Crown Court Church in Covent Garden

Rev Philip Majcher, minister of Crown Court church in Covent Garden, writes about the oldest Church of Scotland congregation in London and its plans to celebrate its 300th anniversary in 2019.

The outside of Crown Court Church in London
The outside of Crown Court Church in London. Photo © Chris Close

Tucked behind a theatre in the heart of London's Covent Garden lies Crown Court Church of Scotland, the oldest remaining Scots church in the city and one of only two left in London. According to our records the first service on our current site was held on 24 March 1719, so in 2019 we will be marking our Tercentenary with a series of events and activities to 'Celebrate and Renew 300 Years of Service in Covent Garden'.

Early origins

As increasing numbers of Scots came to London in the early 17th century following the accession of James VI of Scotland as James I of England, Scottish congregations began to gather for worship.

By 1711 one such congregation, which may have been part of the original group from what had been the Scottish embassy in Scotland Yard of the old Palace of Whitehall, was meeting in rooms in Covent Garden under the care of the Rev George Gordon and Rev Patrick Russell.

Soon enough money was raised to build their own church on a site in Crown Court, off Russell Street, near the newly-opened Theatre Royal, Drury Lane.

Work started in 1718, the building was consecrated in 1719 and our 300 years of service in Covent Garden began.

Over the years, like many congregations, Crown Court's fortunes have waxed and waned.

Rev Philip Majcher
The minister of Crown Court Church, Rev Philip Majcher. Photo © Chris Close

In the ministry of the famous preacher Rev Dr John Cumming (1832-1879) the congregation grew to over 900, but numbers fell thereafter and were further reduced in the 1880s when the new minister and many of the congregation moved west to build a new church at St Columba's in Knightsbridge.

However, others stayed true to the church in Covent Garden and Crown Court rose again.

The original church, now much dilapidated, was replaced in 1909 by the building that stands to this day, paid for by the congregation and a public collection led by Lady Frances Balfour and the Campbells of Stracathro.

By the 1950s, under the ministry of Rev Dr Joseph Moffett (1917-1962), numbers again reached 900 with a strong Sunday School and many church activities

It was Dr Moffett who likened ministry at Crown Court to 'preaching to a procession' as young Scots came to London, established careers and raised families, moved away and - sometimes - came back in later life to the church of their early days in London.

Welcoming all

Crown Court today is a gathered congregation, but we are proud to attract a wide range of people from many places.

Our traditional core has always been people who have arrived - recently, or decades ago - from Scotland, or people of Scottish descent.

Stained glass window in Crown Court Church
A stained glass window in Crown Court Church. Photo © Chris Close

Our membership also reflects the missionary outreach of the Church of Scotland, with people from the Presbyterian tradition of many countries.

We also welcome visitors and short-term London residents from Scotland and around the world.

Our aim is to provide worship, fellowship and sometimes a familiar flavour of home.

Our worship tends to be traditional in style, and music plays an important part in it, with an active choir and a Sunday morning anthem.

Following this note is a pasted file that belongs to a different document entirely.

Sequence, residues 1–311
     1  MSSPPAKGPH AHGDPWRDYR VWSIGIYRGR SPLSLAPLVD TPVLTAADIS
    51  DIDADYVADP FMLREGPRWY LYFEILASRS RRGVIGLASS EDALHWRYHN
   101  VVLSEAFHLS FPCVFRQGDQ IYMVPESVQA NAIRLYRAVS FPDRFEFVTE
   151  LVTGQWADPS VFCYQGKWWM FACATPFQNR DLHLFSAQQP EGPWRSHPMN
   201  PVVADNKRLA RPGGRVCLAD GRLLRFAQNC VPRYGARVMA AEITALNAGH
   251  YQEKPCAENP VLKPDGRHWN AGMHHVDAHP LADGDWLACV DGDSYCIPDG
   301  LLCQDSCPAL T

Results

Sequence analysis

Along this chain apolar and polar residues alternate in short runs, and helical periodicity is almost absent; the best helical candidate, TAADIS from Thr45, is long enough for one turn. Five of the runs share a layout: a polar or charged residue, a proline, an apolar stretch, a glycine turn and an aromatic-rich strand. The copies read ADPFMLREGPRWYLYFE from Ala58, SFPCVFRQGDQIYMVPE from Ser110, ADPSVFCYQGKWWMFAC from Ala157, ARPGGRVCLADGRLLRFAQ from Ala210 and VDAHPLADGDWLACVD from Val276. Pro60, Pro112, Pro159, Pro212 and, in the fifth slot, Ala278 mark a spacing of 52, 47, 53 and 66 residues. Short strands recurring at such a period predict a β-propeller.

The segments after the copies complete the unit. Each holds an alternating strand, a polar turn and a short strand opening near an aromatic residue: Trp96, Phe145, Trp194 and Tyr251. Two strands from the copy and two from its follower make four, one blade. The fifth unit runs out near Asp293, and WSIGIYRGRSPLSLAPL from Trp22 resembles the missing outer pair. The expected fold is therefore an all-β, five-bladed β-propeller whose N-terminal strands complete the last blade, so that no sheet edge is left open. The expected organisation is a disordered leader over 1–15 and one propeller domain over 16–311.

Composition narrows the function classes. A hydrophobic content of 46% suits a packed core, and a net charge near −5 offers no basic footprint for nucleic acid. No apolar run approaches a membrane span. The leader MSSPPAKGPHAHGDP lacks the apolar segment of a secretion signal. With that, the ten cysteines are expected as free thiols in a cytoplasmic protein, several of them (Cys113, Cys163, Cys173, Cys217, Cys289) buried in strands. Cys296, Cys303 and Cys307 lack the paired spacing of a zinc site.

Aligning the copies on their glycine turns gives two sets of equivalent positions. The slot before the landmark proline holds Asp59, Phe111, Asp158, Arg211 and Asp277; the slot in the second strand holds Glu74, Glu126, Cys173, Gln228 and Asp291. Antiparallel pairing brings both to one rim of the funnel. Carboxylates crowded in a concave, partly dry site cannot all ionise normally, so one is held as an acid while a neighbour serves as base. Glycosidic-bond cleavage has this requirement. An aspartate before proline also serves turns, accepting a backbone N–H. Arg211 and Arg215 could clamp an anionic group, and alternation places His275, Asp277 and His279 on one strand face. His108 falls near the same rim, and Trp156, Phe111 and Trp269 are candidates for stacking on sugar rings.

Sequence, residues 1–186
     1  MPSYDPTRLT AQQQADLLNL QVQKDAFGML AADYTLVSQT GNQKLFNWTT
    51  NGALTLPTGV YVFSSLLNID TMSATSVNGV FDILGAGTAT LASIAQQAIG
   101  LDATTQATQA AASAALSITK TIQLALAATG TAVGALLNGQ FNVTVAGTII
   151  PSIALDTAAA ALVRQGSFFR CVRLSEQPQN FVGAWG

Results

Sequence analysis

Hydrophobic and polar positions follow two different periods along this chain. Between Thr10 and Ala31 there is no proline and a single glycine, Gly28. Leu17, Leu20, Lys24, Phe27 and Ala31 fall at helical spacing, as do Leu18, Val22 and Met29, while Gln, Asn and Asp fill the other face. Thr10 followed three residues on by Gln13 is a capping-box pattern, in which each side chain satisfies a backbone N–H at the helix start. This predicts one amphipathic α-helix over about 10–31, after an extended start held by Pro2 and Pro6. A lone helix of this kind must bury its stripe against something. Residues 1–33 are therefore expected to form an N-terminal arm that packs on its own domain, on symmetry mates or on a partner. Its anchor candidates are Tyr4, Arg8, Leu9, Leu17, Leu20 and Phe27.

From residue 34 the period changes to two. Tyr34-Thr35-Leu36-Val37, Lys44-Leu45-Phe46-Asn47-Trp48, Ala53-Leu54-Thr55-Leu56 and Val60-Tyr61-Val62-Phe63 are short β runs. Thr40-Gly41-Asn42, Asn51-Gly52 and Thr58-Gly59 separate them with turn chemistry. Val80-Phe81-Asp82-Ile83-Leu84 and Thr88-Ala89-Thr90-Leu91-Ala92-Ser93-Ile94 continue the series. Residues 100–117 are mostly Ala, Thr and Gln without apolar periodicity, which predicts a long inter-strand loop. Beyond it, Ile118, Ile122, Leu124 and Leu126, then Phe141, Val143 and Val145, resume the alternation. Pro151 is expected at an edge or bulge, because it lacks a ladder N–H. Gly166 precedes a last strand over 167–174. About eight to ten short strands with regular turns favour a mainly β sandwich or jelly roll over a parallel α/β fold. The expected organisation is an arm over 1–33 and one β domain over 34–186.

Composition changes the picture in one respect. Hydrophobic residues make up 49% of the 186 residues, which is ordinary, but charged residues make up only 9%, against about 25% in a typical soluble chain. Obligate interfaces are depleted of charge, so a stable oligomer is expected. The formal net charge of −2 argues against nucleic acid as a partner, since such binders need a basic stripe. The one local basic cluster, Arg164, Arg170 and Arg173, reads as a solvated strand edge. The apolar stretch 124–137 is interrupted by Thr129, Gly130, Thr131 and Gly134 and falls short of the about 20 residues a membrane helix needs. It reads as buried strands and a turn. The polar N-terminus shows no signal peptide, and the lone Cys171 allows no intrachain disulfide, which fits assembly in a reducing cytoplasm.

We hold morning and evening services on Sunday and a short lunchtime service on Thursdays, with a Sunday School, Guild and Rambling & Social Club all meeting regularly.

We support a range of charities including Borderline, the charity that helps homeless and insecurely housed Scots in London, and make collections at London railway and Tube stations during Christian Aid Week.

Special anniversary

To mark our special anniversary in 2019 we have set out to 'Celebrate and Renew 300 of Service in Covent Garden'.

There will certainly be celebrations, among them a ball, a ceilidh, a garden party and other events still in planning.

Reflecting the importance of music in our worship we have launched a competition for young composers to create us a Tercentenary Anthem.

The interior of the church. Photo © Chris Close
The interior of the church. Photo © Chris Close

The winning entry, as a judged by an expert panel and sung by our choir, will be performed for the first time in public at a special service on Sunday 24 March 2019 - three hundred years to the day since the first service on the site.

The Moderator of the General Assembly, Rt Rev Susan Brown, will preach at that service which will be attended by VIPs, former ministers of Crown Court and many ministers with Crown Court connections.


However, we also want to leave a lasting legacy of our three-hundredth anniversary in the form of service to the community around us in Covent Garden.

We are supporting a local organisation that provides accommodation for young homeless people engaged in employment, training or education with collections of basic household items for their 'emergency' store cupboard.

We have just launched a pilot project with three London-based charities working with the homeless in Westminster, using our church hall to enable them to run regular advice sessions for homeless women.

We hope next year to develop this pilot into something more enduring as part of our legacy to the future from our Tercentenary year.

Visit our website for more information. or, better still, come and visit us as we mark our special anniversary - we'll be glad to see you.

Find them on Twitter @crowncourtchrch or on Facebook.